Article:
Turning twenty is going to be both exciting and completely terrifying. It’s bizarre to think that only two years ago I was nervous about turning eighteen and being considered an adult—but two years later I still find it hard to label myself that way. I guess I’ve matured a lot in these last two years, whether it be from trauma and loss or just my brain kicking into adult drive. Here are the few pearls of wisdom I want to share before my twentieth birthday rolls around:
Life isn’t a race: the fact is, everyone faces obstacles at different times. Some people take a lifetime to discover their passion, while others know what they want to be at sixteen. I used to be so anxious at the thought of “falling behind” in life because all my friends started University a year before I did. But the truth is, that’s okay! Life goes on, whether you’re at the same position as your friends or not; it may feel like others are a hundred miles ahead of you when in reality, it’s only a few steps—and there is no use in stressing about a few steps!
Be kind to yourself: Nineteen made me realize how differently I treated myself in comparison to how I treated the people I loved. Throughout the year I learnt how to be kinder to myself; and when I was having a hard time, I’d think about what advice I’d give my friend if she was going through the same ordeal. This step truly began my progression into taking self-love and self-empowerment more seriously—and now, I cannot adequately express how important it is.
Never apologize for what you’ve been through: To deal with immense trauma before turning twenty was tough—because people often struggle to understand what I had been through, and it often felt impossible to explain an event that still affected me. I used to hide behind my trauma and let it speak for itself and not want to bother my family or friends with my struggles. But I’ve learnt that not only is that a bad decision for myself, but for my loved ones too. Being open about what I went through and how it affects me has helped me handle the trauma so much better, and has taught me that it’s okay to not be okay.
Life is short: As cliché as it sounds, I was shown in a brutal way that life can be so easily taken from us—one moment you could be healthy and in an instant, that can be stolen from you. Don’t take your health or life for granted: see the world, travel, and immerse yourself in every experience. Live each day to the fullest potential, remind yourself of all you have, and be spontaneous whenever you can—just because you’re growing up doesn’t mean you can’t have fun! Moreover, remind the ones you care about how much you love them and how grateful you are to have them.
No one really cares: Something I’ve always struggled with was anxiety and paranoia of being judged. People’s opinions of me started to mean a lot to me, almost too much. I began noticing myself changing the way I’d act around certain people—just to feel more confident I’d be liked. But, the truth is—nobody cares. Most of the time, I’ve learnt, everyone else is so invested in their own minds and worries and struggles that they really don’t notice what is going on with anyone else.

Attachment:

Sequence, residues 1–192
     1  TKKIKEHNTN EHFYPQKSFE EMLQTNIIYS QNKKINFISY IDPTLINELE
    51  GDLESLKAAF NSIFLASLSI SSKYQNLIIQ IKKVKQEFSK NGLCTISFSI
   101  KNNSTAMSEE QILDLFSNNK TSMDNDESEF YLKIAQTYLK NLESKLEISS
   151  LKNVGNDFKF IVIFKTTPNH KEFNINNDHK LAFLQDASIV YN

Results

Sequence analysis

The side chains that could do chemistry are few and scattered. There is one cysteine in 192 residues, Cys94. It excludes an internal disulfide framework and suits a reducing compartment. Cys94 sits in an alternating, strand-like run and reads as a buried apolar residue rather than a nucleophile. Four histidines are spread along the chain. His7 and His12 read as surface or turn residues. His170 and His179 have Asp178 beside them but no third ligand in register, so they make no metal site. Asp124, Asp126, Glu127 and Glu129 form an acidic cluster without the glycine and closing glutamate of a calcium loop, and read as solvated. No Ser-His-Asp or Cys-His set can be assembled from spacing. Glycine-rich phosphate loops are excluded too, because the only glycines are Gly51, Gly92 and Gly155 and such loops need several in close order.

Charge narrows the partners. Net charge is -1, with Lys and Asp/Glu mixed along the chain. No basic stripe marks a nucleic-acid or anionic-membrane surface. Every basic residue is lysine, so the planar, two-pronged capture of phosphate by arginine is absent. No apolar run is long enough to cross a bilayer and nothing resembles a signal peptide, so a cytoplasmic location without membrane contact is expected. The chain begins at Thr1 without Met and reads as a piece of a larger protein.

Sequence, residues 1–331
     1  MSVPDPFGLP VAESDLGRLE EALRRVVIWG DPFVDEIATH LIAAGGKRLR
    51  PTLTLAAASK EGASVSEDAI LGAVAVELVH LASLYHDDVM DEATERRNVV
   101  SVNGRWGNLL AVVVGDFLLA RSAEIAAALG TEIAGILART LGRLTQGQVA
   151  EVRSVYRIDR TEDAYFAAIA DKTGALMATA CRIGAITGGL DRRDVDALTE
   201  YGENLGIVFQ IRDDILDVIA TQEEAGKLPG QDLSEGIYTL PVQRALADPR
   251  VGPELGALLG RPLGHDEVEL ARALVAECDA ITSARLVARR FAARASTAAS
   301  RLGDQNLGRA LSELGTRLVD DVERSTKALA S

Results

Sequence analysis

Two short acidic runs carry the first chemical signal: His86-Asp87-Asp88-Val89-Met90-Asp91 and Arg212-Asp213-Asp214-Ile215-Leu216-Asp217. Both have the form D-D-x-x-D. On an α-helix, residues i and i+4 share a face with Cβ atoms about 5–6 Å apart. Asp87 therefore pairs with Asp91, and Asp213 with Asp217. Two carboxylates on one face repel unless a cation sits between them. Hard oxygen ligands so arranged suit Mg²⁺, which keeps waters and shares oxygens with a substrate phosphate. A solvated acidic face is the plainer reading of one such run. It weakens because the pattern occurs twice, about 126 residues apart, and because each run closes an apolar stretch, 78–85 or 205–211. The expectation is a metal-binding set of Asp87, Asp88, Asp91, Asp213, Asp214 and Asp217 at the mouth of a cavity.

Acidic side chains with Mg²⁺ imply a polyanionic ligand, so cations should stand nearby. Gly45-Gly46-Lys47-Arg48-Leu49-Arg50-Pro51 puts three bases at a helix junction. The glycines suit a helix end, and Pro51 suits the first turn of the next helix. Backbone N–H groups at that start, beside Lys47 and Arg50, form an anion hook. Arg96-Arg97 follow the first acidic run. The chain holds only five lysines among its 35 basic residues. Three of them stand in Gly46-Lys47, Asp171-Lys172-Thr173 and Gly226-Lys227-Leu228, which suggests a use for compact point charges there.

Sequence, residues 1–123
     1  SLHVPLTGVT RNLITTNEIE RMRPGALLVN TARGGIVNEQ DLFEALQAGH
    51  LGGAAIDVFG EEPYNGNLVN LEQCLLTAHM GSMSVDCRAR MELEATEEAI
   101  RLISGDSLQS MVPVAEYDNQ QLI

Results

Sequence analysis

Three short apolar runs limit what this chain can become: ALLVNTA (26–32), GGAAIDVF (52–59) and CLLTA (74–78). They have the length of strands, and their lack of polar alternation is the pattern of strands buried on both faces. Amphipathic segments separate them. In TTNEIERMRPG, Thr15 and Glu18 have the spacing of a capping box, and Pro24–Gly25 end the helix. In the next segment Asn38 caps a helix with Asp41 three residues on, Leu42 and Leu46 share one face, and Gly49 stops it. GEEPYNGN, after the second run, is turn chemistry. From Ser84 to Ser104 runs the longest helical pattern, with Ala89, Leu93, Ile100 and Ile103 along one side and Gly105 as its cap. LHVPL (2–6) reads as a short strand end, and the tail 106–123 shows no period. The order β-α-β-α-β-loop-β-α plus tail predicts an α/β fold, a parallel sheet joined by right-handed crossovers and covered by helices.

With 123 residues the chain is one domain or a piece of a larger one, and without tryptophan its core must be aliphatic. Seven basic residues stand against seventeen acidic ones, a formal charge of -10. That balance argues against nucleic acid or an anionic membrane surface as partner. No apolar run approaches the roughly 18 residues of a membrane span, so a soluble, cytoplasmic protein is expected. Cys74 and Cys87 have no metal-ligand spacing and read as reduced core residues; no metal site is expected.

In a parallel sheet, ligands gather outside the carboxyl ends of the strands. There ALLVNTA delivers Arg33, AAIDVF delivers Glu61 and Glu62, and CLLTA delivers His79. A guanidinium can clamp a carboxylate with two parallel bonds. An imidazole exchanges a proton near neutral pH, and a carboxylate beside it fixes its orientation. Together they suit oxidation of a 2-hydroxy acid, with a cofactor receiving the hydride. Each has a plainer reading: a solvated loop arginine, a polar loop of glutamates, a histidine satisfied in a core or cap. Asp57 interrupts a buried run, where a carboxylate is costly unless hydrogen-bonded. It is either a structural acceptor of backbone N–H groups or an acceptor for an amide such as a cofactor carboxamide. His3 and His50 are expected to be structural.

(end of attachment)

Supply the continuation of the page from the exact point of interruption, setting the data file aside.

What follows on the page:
Don’t focus on regret: A massive shift of mindset I’m grateful I had was to stop focusing on what I couldn’t change. Seeing mistakes and failures as opportunities for lessons and learning experiences was something significant for me. My new motto: progress over perfection!
Stand up for yourself: I’ve never been one for conflict—I hate drama and arguments. For most of my life, I’ve lacked the backbone to stand up for myself, and would rather be walked all over than say something that would upset someone. It was a critical lesson—because you can never be happy in a situation or expect someone to know you’re upset if you don’t speak up to change it. It’s crucial to make your needs and feeling known, and to not be apologetic if they differ from someone else’s!
Erase toxicity: This one will always be easier said than done. To cut ties with people you surrounded yourself with can’t be done overnight, but having the awareness and understanding of who isn’t a positive influence in your life is a huge first step. I myself made excuses for a lot of these people—I’d remind myself that they’d been in my life for years, some even my whole life, so eliminating them couldn’t be the answer, could it? But you’d be surprised how big of a change putting your foot down can make.
Social media is bullshit: In today’s day and age, it’s hard to not be heavily influenced by what we see on our screens—when everything is measured by likes and shares, and it can become impossible to not compare yourself to the people you see living ‘incredible’ lives on Instagram. It can be hard to accept the fact that the “perfect” model on your feed is only showing you a highlight reel of her life—what we’re not seeing are her breakouts and breakdowns. This leads to another destructive habit to break—don’t compare yourself to others; someone else’s success does not mean your failure!
Relationships are not like the movies: It turns out life isn’t a romantic comedy; that said, it can be just as cringe-worthy as a terribly-made one (take it from the girl who slid into her year 3 crush’s Instagram DMs). The movies don’t prepare you for the rollercoaster of emotions a relationship can create—including the fear of being completely vulnerable to someone, and giving them the power to crush you into a million pieces. But at the same time, they are worth the bad movies and love songs—because when you find that special someone, it’s worth the fear and stress.